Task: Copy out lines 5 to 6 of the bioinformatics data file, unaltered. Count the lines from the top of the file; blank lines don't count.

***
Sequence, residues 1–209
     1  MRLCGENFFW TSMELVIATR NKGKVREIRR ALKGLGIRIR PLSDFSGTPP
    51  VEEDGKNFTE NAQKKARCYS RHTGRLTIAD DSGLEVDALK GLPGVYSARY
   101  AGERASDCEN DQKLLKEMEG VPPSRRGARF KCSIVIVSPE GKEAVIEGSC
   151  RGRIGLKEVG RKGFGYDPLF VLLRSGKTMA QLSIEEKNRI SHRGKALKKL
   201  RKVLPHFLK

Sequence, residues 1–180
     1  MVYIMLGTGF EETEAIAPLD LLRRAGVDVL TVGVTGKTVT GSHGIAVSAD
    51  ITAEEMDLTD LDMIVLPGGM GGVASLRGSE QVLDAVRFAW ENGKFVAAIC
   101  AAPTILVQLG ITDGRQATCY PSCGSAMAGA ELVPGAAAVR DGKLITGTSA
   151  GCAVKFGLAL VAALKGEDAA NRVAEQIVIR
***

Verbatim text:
   151  RGRIGLKEVG RKGFGYDPLF VLLRSGKTMA QLSIEEKNRI SHRGKALKKL
   201  RKVLPHFLK